How Movie Theaters Might Thrive in an On-Demand, Long Tail World

Last night, my husband and I went out to the movies — something we rarely do, since we think movie tickets are drastically overpriced and prefer the convenience and selection of Netflix. However, every once in a while we still get the urge.

Since we were in the mood to mock, we went to see the remake of The Wicker Man. We figured it had to be better than the 1973 original. We were wrong — which was good news, given our intent. The remake offers even more heckling fodder, with substantially less coherence than the original. And if you’ve seen the original, you know that’s really saying something.

But I digress…

For a Saturday evening, the huge AMC theater complex at Flatiron Crossing Mall looked pretty dead. If I were managing that theater, I’d be nervous. As on-demand entertainment becomes more popular, what reason to people have to keep making the trip to movie theaters — especially when most of your choices there are overhyped, lowest-common-denominator, gutless, and mindless attempted blockbusters?

I had an idea about that: What if movie theaters joined forces with a social networking service such as to make it easier for communities to pick their own movies and fill the seats? In essence, make it easy to arrange movie parties or similar events?

Here’s how that might work…

Imagine this: A theater chain figures out how many seats they fill per theater, on average, in a given time slot. Then they partner with to offer their theaters for special showings.

Then, users could look over a list of participating theaters by zip code. If there’s one in their zip code, they could nominate films to be shown in that theater. This might be an older film, or an indie or foreign film, or a collection of shorts — shows that might not draw huge audiences for weeks at a time, but that might fill every seat in a theater for a night or two.

The deal would be that when a critical mass of willing participants indicate that they would attend a showing of a particular film at a particular theater for the full ticket price, the theater would list available dates and time slots, and the participants would vote to set the date and time. Maybe the critical mass would be, say 50% above the average per-theater seats sold.

That date would hold as long as a minimum number of tickets were sold in advance. If not enough people end up buying tickets, those tickets sold would be converted to gift certificates good for any performance at the theater. No money back.

It would be nice if theaters could pay a share of ticket sales, or a flat fee, for each movie party organized this way. That way you wouldn’t have to be a paying organizer to arrange a movie party — which might mean more such events would get organized.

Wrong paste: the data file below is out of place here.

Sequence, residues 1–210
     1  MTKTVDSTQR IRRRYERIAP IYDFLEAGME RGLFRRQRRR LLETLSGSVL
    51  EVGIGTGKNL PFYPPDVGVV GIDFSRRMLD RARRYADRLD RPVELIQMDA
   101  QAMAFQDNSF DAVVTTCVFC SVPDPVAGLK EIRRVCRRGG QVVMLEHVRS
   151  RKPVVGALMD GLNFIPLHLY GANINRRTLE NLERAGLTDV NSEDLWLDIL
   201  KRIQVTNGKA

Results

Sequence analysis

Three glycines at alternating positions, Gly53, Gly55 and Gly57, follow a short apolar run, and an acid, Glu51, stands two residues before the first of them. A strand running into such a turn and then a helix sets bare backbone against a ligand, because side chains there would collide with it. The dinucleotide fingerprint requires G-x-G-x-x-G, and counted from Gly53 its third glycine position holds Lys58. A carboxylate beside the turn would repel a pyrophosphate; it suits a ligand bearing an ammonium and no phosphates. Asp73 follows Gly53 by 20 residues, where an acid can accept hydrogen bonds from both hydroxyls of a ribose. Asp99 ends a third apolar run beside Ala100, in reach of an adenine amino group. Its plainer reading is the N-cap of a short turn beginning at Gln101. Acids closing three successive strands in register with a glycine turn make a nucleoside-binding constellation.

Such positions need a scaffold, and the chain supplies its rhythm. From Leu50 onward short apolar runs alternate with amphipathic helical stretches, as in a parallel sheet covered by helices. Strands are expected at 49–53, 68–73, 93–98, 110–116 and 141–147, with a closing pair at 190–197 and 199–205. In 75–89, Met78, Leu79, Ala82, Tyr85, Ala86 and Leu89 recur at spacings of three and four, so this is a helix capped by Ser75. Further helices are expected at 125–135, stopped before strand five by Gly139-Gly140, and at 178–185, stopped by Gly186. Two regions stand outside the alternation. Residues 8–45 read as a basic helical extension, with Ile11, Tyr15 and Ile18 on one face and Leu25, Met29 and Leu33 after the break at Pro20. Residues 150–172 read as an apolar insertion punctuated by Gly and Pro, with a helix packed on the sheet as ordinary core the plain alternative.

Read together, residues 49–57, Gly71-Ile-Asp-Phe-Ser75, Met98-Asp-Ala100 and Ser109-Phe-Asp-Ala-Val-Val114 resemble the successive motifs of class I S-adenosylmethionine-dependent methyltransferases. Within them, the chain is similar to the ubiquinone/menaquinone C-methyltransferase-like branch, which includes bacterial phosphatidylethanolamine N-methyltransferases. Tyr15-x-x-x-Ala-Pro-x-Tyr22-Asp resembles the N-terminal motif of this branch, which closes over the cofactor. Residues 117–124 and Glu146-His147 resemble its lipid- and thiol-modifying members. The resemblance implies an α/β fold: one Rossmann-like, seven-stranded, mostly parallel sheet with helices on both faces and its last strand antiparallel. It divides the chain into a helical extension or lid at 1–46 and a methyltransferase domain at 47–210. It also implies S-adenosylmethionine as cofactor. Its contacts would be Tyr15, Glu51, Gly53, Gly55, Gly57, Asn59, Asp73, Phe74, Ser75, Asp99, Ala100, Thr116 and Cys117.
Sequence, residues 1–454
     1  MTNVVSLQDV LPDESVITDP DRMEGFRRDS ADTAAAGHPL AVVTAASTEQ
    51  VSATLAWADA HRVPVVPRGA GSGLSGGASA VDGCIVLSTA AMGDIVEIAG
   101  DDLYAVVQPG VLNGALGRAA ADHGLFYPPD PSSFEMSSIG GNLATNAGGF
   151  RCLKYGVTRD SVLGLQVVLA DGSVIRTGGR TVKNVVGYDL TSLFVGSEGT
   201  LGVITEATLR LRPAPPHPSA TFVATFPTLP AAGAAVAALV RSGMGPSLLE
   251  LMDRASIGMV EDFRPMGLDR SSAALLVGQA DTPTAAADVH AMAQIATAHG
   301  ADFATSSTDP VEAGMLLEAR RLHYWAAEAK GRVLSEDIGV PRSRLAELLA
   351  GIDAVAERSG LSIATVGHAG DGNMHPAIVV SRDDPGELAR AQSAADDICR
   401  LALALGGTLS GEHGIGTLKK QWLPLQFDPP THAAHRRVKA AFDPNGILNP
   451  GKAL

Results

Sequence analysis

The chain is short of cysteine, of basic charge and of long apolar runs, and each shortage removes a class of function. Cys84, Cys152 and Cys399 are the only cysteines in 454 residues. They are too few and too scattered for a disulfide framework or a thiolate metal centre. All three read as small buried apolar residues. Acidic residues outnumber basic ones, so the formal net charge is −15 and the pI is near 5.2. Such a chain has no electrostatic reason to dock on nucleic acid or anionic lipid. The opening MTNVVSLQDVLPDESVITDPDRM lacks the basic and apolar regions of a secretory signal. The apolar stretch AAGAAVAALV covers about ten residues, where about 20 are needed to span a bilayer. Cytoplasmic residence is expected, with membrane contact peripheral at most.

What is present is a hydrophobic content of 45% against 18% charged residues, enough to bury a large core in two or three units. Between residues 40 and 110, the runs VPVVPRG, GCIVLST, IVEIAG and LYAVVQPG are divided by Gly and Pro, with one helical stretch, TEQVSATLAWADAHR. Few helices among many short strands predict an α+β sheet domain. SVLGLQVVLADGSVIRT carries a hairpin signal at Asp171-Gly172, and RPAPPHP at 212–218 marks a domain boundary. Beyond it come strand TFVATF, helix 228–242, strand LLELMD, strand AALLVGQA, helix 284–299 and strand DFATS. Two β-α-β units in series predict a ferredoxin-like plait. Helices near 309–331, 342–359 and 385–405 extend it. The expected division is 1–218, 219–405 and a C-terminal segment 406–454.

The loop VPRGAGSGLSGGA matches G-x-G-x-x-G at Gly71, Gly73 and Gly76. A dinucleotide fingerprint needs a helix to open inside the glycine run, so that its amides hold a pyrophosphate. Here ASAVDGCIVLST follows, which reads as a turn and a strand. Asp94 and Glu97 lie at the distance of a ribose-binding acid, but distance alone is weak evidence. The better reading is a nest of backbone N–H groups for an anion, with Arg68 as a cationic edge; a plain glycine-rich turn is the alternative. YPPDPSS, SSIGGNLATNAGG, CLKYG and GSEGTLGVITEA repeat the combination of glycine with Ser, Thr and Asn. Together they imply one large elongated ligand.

I realize that right now the physical distribution system for feature films represents a barrier. Most movie theaters still get the films they show on reels. However, satellite-based digital distribution of movies to theaters and digital projectors are reportedly making inroads. If those changes become economical, it might become easier for theaters to show any movie they want, whenever they want.

…So if a theater wanted to show, say, Dr. Strangelove — or a Bollywood hit, or a documentary, or even maybe the original Wicker Man — just on one screen for a night or two, or even a single showing, they could just put in the order and grab the download.

And maybe movie party organizers could tack on a little extra to the ticket price to rent the theater for an extra hour after the film, for live discussion.

Hell, people could even use this kind of service to organize their own small-scale, on-the-fly film festivals; or to create community-based movie clubs.

Maybe more people would shell out the cash for the high-end theater experience if they could see what they really wanted to see there — and not be so socially isolated in the experience of attending the film.

Yes, I realize theaters could try organizing this sort of service themselves. However, already has a strong brand and user base for organizing local in-person events. Why reinvent the wheel and struggle to build infrastructure and community?

I’ll tell you, if a coordination service like this was easily available, I’d go out to see movies far more often. And not just to relieve my incurable urge to heckle.

OK, like I said, it’s just an idea. Comments? would you like something like this too? Is anyone already doing this and I’ve just missed it? Let me know.

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